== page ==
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Uniting the Working-Class Majority
Building a mass-membership party is not only important for creating an accountable democratic structure that expresses the will of the membership. It is essential for unifying the working-class majority to take power. Local branches should serve as forums for political education where the disparate elements of the working class can find their common interests. The working class is segmented and mutually suspicious in contemporary society. A central mission of an independent left party must be to overcome that segmentation and unify the working-class majority politically.
American capitalism is divided up into three classes structured by its central organizing institution, the corporation. These are the ruling class (about 2 percent of the population), the middle classes (about one-third of the population), and the working classes (about two-thirds of the population). The corporate form and class structure extends from private businesses into government and nonprofit agencies, with their executive management at the top, professional staff and supervisory management in the middle, and workers at the base. The revolving door of executive management between the for-profit, nonprofit, and government sectors keeps the ruling class in charge in all three sectors.
The ruling class could not rule without the widespread political allegiance of most of the middle class. The middle class is a mix of a declining “old middle class” of self-employed and small-business people and a growing “new middle class”—the professional, technical, and managerial employees embedded inside corporate structures. About ten million people are self-employed in their own small businesses on which they depend for most of their income. These small-business owners are caught in the middle between big business and the working class. Unlike the Populist era when many small farmers and businesses tended to seek allies in the emerging working class against the banking and railroad establishment, today they tend to identify culturally and politically with the big businesses they hope to become.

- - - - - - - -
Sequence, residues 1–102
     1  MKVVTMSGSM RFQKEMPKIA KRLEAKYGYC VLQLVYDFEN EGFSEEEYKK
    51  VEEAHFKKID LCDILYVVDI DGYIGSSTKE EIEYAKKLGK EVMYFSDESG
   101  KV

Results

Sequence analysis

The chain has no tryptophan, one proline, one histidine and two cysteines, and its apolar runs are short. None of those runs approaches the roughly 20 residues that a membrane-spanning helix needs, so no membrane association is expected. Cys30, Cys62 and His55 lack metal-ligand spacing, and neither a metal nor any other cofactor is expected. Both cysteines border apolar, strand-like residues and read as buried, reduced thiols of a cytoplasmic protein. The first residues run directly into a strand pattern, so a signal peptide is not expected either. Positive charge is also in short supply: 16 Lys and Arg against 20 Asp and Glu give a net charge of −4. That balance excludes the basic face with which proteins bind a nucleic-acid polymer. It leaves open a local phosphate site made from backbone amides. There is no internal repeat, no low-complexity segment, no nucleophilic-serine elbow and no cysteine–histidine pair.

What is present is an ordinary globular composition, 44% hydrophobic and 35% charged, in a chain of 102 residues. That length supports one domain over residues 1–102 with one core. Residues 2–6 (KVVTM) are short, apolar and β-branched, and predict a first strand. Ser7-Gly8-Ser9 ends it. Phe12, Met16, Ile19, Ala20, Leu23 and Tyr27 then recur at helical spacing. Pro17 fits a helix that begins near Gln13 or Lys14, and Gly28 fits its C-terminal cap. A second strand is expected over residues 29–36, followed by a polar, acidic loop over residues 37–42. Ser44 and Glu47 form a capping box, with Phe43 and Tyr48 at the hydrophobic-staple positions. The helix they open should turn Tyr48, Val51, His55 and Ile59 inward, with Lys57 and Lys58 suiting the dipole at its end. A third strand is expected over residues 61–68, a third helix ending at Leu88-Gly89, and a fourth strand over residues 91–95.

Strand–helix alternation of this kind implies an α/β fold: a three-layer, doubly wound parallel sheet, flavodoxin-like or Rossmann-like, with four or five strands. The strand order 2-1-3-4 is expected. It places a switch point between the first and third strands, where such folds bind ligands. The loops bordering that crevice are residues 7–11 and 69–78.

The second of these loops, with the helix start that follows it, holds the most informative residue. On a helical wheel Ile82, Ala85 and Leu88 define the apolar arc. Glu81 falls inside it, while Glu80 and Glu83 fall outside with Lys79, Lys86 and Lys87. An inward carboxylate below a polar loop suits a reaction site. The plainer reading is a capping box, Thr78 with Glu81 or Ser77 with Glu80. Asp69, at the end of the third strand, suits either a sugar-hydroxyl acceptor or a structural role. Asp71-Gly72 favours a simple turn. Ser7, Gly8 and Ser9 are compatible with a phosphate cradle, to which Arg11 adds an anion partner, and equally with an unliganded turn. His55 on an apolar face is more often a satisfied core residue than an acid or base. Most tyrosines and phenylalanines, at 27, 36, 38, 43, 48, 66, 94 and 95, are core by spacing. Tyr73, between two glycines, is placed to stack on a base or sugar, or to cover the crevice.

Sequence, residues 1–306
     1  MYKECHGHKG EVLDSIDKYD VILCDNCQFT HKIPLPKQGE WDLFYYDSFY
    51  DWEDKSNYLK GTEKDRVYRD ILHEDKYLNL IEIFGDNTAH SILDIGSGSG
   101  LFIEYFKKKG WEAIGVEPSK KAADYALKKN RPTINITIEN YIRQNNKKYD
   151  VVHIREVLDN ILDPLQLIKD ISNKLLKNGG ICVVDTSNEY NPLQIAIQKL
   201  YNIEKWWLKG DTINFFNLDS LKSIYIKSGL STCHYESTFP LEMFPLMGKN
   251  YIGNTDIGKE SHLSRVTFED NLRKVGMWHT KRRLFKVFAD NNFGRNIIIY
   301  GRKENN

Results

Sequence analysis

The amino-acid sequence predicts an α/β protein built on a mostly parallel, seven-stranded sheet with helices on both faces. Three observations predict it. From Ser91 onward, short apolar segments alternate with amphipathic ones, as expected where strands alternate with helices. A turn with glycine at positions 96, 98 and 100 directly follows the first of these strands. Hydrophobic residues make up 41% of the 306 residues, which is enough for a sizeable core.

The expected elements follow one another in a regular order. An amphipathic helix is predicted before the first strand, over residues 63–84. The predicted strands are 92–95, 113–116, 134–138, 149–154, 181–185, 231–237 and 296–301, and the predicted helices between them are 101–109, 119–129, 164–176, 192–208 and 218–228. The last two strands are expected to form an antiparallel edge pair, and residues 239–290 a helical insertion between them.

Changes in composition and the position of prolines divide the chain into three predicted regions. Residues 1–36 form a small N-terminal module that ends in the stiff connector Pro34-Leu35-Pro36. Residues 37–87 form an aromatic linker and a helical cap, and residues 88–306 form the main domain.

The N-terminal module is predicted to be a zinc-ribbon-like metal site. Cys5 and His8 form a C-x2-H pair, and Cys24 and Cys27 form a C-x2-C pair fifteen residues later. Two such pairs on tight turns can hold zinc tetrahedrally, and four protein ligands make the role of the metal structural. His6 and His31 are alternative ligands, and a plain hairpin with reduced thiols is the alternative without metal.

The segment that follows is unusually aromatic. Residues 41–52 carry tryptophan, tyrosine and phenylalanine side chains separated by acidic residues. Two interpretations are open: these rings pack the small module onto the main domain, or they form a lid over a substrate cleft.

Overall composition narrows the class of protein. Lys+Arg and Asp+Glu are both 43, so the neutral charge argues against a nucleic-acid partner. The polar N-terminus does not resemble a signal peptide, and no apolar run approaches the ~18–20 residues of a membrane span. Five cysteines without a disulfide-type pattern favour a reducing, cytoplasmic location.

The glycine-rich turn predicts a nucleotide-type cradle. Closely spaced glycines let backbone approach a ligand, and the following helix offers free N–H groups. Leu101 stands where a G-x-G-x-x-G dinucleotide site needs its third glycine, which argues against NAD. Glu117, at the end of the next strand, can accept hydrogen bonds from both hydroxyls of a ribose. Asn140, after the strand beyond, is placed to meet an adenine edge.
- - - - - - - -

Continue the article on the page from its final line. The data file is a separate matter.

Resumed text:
The professional, technical, and managerial middle class in corporate society is composed of supervisors, accountants, lawyers, engineers, technicians, doctors, nurses, college professors, and teachers, who by virtue of their specialized knowledge and skills have considerable autonomy and flexibility at work and supervisory authority over workers but who themselves are subject to supervision and discipline by top management in the corporate hierarchy. Some of these occupations are being increasingly pushed into the working class, particularly teachers with the advent of high-stakes testing; college professors with the proliferation of non-tenure, part-time, adjunct positions; and nurses and even doctors, who are increasingly subject to insurance company and hospital management decisions about what care will be paid for and for speedup of the patient-doctor encounter to increase “productivity.”
About twenty million work as professionals and, including their families, comprise about 20 percent of the population. Politically, they tend to be socially liberal, which is consistent with their professional standards and knowledge based in science and rationalism. But on the economic class issues, their allegiances are mixed. Some groups, notably teachers and nurses, tend to identify more with the working class as they fight to protect their independent professional expertise and judgment from encroaching corporate management.
Many others in the professional-managerial middle class tend to identify politically with the ruling class and support more conservative economic policies that are stingy on social spending for the services and benefits that workers use and favorable to policies that shift tax burdens to workers and benefits to the middle and upper classes. About half of all wage and salary income accrues to the middle-class elements of the corporate hierarchy, which makes their incomes on average more than double the income of workers and growing relative to workers. With workers widely alienated from the political process and voting at low levels, the middle class has been the mass voting base for the conservative economic policies of the two major parties.